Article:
PLANNING IN SHROPSHIRE

Shropshire is a largely rural county. It is known for its tranquillity, its beautiful countryside and its attractive market towns and villages. 

However, that also brings pressure for new housing from local people wishing to stay in the area, but also from people retiring into Shropshire and from would-be commuters.

 

HUGE CHALLENGE

 

Currently, Shropshire like many counties, faces a huge challenge to find the right number of houses and the right kind of houses without compromising its environment and the setting of its historic market towns, villages and hamlets.

The effects of the relentless growth of development over time are graphically shown in the CPRE presentation featured to the right (orange box).

 

The Campaign to Protect Rural England has consistently argued that the overall housing targets are too high and that more emphasis should be placed on affordable housing and homes to meet the needs of the ageing population.

DEVELOPMENT IN OPEN COUNTRYSIDE 

Shropshire is under threat in many areas from inappropriate housing and commercial developments. Many of these are planned for open countryside, on the outskirts of our hamlets, villages and towns and even in the AONB (Area of Outstanding Natural Beauty) and the Green Belt.

SHROPSHIRE PLANNING POLICY

 

Shropshire Council’s planning policies are set out in two main documents, which are now being reviewed (see below). Firstly, the Core Strategy (adopted in February 2011) sets out the Council’s vision, objectives, and the broad spatial strategy to guide future development and growth in Shropshire over the period from 2006 to 2026. Secondly, the Site Allocations and Management of Development document (adopted in December 2015 and usually called SAMDev) then allocates particular sites for housing, employment etc.  Both documents are here.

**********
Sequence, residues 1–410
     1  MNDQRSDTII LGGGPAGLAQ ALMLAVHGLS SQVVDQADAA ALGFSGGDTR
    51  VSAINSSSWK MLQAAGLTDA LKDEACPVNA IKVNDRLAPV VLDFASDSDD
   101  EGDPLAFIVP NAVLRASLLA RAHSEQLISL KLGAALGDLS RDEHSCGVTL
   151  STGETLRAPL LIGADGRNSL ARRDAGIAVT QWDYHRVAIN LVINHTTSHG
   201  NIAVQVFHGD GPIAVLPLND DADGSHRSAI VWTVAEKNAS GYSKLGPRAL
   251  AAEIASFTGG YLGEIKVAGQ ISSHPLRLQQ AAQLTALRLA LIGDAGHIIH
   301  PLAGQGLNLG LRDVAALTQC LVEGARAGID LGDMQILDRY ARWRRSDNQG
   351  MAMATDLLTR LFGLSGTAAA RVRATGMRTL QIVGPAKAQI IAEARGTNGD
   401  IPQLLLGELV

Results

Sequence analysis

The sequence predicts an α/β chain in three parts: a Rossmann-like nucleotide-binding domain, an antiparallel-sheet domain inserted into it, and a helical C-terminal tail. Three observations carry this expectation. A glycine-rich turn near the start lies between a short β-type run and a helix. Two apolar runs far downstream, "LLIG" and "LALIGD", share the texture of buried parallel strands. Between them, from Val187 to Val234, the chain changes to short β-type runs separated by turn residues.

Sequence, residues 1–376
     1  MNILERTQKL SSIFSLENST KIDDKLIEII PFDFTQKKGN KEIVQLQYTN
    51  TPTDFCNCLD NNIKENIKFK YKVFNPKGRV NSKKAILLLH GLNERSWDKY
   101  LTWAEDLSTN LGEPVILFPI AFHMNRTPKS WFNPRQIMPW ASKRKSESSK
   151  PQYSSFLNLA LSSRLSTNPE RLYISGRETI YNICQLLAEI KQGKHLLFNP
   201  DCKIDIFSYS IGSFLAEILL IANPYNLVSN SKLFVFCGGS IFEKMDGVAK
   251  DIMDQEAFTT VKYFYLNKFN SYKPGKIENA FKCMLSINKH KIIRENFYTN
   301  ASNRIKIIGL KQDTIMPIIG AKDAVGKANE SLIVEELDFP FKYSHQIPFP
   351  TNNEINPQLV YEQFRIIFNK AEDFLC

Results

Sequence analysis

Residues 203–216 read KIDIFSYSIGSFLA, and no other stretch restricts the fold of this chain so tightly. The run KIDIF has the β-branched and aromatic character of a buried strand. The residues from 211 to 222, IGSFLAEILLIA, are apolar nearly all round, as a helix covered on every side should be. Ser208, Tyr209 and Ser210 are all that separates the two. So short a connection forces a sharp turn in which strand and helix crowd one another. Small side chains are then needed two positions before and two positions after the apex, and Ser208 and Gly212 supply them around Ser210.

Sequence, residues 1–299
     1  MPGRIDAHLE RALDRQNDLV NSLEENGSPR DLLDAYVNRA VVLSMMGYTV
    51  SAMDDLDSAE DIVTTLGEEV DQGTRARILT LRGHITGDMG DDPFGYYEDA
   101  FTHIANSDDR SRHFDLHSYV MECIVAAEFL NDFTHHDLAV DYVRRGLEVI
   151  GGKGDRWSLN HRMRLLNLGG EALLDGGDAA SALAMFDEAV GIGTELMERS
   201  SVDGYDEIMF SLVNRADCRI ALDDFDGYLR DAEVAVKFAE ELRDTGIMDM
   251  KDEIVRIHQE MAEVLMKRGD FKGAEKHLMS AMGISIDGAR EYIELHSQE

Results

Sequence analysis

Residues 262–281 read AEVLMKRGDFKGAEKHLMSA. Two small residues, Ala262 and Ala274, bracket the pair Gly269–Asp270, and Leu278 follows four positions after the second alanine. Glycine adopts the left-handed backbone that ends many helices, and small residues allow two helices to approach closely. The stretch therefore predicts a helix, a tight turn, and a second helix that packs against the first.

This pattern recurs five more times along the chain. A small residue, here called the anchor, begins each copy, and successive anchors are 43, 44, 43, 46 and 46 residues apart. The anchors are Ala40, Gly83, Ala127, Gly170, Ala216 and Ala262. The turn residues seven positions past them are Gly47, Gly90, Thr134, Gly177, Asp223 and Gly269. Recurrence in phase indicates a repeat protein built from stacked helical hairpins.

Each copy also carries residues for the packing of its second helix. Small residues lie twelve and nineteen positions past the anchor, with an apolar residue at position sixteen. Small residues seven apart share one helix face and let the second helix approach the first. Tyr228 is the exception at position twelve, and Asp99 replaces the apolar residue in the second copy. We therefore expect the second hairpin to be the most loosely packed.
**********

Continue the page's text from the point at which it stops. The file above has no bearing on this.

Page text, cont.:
CPRE Shropshire also encompasses Telford & Wrekin Council (which was part of the old Shropshire County Council until 1998).  Its new Local Plan was adopted by full Council on 11th January 2018 (see here at the bottom, Appendix 5 under Appendix D4 Telford & Wrekin Local Plan).

 

These Local Plan documents have to conform with overall National policies, now enshrined in the new National Planning Policy Framework (NPPF) of July 2018 (see here) which updated the original version of March 2012 (see here).  The NPPF, with its presumption in favour of ‘sustainable’ development, can ‘trump’ the Local Plan in some circumstances and bring about otherwise unplanned development.

Shropshire Council’s current Core Strategy incorporates a target for the Unitary Area of 27,500 net additional homes for 2006-26; the bulk of the development would be in Shrewsbury where approximately 6,500 dwellings were envisaged. The latest review for 2016-36 proposes 28,750 new homes for the whole county, with 8,625 for Shrewsbury.  See below for more detail about this review.